Though these questions may seem distant to those who hail from a modern Evangelical background, they may be able to get in touch with the challenge the Eastern Church of the 8th and 9th Cs faced by remembering back a little way to when some notable worship leaders raised concern about the modern worship scene with its fostering an environment of overblown emotionalism. Some phrased it as the “Worship of worship,” rather than God. Musical productions and concerts became events people turned out by the thousands for as they sought a spiritual thrill, a worship-high. One well-known composer of modern worship wrote a song that aimed to expose this trend called “The Heart of Worship.”

Though the medium was different, in some ways, the recent worship of worship concern was similar to the concern of the Byzantine iconoclasts. In the ancient Eastern Church, the medium was the art of images. The more recent controversy centered on the art of music.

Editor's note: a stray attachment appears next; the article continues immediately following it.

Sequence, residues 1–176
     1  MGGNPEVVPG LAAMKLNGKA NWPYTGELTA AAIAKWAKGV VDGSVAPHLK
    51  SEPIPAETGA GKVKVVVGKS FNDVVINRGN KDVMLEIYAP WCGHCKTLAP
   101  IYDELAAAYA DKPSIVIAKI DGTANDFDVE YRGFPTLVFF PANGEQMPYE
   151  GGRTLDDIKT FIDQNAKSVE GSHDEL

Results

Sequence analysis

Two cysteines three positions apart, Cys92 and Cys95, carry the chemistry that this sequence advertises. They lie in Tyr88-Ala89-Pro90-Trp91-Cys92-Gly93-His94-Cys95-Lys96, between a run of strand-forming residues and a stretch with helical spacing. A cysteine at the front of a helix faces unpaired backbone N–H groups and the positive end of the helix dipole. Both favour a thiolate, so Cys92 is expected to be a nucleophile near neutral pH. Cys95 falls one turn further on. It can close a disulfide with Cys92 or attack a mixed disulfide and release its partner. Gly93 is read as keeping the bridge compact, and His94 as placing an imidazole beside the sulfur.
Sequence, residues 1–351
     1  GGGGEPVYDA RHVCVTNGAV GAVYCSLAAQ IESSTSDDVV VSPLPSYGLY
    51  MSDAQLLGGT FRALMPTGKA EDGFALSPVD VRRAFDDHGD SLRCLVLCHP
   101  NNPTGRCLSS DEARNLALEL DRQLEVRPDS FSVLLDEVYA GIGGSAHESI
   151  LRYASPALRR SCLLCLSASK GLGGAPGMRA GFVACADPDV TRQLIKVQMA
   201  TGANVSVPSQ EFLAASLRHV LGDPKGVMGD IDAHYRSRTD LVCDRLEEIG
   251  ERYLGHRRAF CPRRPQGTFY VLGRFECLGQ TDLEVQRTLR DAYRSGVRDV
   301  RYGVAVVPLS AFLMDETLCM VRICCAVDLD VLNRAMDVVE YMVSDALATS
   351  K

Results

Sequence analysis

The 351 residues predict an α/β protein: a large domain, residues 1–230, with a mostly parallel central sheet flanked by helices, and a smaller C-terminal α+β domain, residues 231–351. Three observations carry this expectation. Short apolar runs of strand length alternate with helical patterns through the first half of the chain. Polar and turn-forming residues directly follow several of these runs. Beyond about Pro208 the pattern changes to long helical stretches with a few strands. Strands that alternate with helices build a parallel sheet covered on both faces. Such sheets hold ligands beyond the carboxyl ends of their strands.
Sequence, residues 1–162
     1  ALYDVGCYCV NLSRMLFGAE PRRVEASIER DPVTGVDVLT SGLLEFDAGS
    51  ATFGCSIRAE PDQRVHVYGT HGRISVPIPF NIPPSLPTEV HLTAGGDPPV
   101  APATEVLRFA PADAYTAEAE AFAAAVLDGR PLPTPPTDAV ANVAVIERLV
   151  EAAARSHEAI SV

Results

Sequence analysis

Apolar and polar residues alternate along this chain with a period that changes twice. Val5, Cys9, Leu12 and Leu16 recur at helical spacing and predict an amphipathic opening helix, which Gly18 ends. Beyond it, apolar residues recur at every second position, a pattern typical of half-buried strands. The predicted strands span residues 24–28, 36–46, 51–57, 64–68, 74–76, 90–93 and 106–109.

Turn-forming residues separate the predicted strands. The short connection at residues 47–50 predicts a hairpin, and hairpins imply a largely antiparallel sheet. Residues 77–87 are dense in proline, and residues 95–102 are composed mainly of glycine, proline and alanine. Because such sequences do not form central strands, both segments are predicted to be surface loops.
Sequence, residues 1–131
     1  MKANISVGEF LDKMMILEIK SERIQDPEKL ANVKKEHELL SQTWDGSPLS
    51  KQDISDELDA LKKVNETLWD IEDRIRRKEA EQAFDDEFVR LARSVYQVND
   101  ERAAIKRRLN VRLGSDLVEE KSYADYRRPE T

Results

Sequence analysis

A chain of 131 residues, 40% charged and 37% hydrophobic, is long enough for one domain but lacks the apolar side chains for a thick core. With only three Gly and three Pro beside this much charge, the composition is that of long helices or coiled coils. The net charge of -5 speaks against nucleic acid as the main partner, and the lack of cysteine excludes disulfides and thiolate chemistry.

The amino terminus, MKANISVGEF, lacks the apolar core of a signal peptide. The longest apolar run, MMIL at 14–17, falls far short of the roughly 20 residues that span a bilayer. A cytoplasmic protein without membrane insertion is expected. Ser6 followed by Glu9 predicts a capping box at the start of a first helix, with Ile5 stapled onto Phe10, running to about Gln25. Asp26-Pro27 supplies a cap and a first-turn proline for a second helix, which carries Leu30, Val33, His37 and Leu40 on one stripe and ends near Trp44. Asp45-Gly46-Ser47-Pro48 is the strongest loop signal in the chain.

By the 7th C, the most significant form of Eastern devotion was the cult of holy icons. While I could give a more technical definition or description of icons, let me keep it simple and say they were highly-stylized paintings made on wood. The images were of Jesus, Mary, saints, and angels. While there were primitive images used by Christians all the way back in the 1st C, we’d have to say Christian art began in earnest in the 3rd C. It was used either decoratively or depicted scenes from the Bible as a way to instruct illiterate believers.

As mentioned, since the people of the Eastern Empire were already accustomed to showing deference to portraits of the Emperor, it wasn’t much of a stretch to apply this to pictures of what were considered holy people. Since imperial portraits were often set off by draperies, people prostrated before them, burned incense and lit candles beside them, and carried them in solemn processions, it seemed inevitable that icons of the saints would receive the same treatment. The first Christian images known to have been surrounded by such veneration occurred in the 5th C. The practice became widely popular in the 6th and 7th. The reserve church leaders like Epiphanius and Augustine had shown toward the use of images at the end of the 4th C disappeared.